This paper explores the ways that constitutive elements of globalization—including a celebration of risk, reduction in state funding for social reproduction in developed nations and pressures to modernize in underdeveloped ones—are being “smuggled in” in the guise of new discourses around youth and childhood. Far from being a byproduct of capitalism in its various phases, youth and childhood can be located at its literal and figurative core.
In a crude characterization of the global map as it has emerged in over the past twenty years, one would find a world drawn roughly into three parts—and in each of these parts, youth and childhood is being restructured in a distinct way. These divisions look suspiciously like the earlier global models of developed, developing and underdeveloped nations, but the nature of the exclusions that sustain them spell particularly bad news for the world's young people. Modern ideals of youth and childhood that became hegemonic in the West over the past century are being exported to non-Western contexts in which resources to adequately reproduce these forms are sadly lacking. At the same time, in Western settings over the past two decades, such resources have been eroded for children and young people, and celebrated aspects of “youthfulness” have been displaced to adults to justify lifelong learning and the increasing assumption of risk by older workers.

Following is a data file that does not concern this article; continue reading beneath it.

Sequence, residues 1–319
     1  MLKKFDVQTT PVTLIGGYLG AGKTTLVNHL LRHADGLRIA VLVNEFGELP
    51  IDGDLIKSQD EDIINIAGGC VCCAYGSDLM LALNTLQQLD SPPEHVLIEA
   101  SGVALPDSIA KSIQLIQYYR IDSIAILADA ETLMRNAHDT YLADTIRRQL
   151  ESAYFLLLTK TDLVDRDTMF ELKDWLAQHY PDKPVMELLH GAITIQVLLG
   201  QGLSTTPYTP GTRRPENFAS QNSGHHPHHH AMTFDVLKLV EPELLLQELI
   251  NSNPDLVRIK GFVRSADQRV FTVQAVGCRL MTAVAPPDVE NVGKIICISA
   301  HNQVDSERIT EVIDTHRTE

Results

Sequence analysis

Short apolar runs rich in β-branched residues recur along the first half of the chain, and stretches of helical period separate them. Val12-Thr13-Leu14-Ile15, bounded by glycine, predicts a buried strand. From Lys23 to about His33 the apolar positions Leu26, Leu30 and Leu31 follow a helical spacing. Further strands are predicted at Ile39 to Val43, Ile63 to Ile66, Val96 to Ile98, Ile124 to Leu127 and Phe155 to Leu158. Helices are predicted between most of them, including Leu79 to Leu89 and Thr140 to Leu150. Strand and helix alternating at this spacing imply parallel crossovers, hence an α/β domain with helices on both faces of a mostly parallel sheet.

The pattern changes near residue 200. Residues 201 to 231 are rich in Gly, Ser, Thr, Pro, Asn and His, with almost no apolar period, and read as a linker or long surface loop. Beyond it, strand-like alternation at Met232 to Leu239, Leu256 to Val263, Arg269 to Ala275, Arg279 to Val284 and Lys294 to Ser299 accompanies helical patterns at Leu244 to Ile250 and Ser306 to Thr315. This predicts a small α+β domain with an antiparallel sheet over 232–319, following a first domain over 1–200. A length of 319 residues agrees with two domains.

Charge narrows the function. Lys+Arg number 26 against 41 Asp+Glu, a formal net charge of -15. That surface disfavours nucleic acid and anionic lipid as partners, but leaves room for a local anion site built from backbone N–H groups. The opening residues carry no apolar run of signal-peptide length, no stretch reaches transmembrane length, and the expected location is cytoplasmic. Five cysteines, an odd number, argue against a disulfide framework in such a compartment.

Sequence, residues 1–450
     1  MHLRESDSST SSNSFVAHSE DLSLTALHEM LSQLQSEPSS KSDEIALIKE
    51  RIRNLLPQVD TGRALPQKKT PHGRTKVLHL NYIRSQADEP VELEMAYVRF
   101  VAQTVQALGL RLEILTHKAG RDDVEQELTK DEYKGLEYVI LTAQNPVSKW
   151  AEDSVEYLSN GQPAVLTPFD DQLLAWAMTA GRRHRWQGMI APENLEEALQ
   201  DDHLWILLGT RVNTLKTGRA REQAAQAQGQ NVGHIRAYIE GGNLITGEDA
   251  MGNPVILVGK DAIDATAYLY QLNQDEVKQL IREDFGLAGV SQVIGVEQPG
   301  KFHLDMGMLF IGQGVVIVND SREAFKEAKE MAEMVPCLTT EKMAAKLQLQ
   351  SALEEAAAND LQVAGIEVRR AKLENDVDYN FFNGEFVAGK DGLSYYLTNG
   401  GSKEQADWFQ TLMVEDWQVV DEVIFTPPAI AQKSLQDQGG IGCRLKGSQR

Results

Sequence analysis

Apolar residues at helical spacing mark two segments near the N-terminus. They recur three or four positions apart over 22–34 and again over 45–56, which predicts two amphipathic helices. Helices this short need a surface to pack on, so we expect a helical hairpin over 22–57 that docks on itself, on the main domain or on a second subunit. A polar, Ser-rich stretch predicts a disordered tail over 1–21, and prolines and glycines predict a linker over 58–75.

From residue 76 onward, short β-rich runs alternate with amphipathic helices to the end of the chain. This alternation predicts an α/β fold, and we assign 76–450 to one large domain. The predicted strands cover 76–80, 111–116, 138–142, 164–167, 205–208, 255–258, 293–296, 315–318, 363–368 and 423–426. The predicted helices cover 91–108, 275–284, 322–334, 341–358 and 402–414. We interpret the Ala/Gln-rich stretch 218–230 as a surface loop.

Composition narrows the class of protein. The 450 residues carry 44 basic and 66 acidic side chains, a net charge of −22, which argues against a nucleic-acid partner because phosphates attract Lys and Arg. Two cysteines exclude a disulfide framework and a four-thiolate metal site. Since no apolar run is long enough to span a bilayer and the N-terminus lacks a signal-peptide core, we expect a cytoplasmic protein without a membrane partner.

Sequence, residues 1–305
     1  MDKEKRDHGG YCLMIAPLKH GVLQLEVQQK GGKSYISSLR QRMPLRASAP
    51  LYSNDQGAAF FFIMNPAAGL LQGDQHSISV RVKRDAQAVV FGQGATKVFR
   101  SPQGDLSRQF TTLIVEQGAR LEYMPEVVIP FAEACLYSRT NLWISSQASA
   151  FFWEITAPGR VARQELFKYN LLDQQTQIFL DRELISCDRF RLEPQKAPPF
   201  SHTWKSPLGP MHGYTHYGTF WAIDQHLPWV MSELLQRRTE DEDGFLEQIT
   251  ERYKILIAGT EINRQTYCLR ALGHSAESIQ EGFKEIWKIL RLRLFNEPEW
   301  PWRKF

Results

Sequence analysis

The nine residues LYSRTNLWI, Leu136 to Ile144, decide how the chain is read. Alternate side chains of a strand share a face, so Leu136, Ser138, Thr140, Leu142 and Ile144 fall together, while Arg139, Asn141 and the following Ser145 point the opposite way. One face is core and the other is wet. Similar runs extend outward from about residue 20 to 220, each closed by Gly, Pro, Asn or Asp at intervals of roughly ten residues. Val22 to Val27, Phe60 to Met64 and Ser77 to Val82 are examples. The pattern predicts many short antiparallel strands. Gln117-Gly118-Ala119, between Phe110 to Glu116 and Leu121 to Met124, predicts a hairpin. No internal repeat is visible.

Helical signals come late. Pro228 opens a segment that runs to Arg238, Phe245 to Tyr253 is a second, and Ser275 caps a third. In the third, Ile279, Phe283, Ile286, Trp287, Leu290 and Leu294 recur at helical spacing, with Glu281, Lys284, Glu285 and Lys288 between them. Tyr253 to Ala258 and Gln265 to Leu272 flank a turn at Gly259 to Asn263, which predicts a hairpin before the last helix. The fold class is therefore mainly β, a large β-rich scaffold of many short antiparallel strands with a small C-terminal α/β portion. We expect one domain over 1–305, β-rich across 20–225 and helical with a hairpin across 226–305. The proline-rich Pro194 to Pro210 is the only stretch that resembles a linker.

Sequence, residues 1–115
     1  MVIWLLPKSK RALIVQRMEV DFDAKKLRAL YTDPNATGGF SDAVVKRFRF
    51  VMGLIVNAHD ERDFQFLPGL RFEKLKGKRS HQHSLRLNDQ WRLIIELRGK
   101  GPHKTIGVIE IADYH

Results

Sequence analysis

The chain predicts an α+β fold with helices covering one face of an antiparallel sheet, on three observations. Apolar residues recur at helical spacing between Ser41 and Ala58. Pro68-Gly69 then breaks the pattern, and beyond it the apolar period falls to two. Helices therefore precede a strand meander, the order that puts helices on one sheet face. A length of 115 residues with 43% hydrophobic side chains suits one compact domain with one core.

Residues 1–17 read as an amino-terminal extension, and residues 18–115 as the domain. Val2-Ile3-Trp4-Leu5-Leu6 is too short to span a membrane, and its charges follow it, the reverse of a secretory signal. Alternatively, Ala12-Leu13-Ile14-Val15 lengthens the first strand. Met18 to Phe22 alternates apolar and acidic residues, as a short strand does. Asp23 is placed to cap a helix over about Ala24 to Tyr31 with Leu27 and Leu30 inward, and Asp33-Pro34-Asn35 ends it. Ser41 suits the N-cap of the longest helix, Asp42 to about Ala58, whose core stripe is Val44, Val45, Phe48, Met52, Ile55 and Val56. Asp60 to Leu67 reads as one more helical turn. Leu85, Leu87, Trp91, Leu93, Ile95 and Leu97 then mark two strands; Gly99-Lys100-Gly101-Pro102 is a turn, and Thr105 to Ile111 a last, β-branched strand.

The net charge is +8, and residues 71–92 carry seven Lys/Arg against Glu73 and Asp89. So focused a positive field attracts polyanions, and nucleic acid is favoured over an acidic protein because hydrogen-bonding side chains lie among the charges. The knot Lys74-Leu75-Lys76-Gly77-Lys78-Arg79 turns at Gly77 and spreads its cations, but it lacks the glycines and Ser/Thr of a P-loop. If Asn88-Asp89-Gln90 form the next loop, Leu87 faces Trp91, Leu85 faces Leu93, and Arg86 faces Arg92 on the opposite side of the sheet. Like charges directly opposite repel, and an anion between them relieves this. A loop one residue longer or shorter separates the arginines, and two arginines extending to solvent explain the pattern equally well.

The paper urges a move away from the study of behaviors of “children and adults” as static categories and towards an exploration of shifting norms and forms of “childhood and aging” as dynamic processes that both help to constitute and are constituted by a new political economy.